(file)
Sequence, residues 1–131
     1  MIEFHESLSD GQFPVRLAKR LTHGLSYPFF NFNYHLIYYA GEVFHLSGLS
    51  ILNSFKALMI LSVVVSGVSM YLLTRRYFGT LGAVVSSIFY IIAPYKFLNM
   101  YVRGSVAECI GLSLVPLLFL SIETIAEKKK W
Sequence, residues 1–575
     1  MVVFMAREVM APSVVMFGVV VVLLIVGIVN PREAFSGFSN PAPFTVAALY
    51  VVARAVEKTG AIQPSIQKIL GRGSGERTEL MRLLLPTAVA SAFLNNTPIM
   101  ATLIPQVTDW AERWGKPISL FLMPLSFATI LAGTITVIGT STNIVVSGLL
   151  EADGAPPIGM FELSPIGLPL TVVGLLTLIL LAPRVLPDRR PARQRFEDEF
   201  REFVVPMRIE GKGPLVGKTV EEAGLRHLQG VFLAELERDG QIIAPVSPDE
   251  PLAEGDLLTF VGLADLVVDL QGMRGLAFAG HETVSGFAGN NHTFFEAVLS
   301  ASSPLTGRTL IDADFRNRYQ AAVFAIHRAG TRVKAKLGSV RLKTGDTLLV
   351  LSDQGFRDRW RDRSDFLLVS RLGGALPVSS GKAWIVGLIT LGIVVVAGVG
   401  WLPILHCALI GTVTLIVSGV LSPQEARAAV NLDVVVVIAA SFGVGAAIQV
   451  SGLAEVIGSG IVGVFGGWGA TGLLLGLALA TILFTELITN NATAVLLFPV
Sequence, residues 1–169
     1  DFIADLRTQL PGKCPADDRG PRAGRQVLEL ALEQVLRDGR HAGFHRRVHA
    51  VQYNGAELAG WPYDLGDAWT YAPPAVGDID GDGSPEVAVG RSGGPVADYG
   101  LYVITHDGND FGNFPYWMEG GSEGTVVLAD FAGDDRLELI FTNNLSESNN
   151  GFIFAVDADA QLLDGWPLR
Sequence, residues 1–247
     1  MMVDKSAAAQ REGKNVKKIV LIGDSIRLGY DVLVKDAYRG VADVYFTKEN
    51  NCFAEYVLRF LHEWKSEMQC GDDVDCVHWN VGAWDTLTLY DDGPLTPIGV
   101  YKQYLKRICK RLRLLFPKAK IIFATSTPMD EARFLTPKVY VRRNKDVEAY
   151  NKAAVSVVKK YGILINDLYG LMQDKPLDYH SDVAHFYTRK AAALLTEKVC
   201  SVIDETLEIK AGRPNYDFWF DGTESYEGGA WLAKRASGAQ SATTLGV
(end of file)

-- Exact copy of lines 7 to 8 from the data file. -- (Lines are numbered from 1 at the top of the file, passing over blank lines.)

    51  VVARAVEKTG AIQPSIQKIL GRGSGERTEL MRLLLPTAVA SAFLNNTPIM
   101  ATLIPQVTDW AERWGKPISL FLMPLSFATI LAGTITVIGT STNIVVSGLL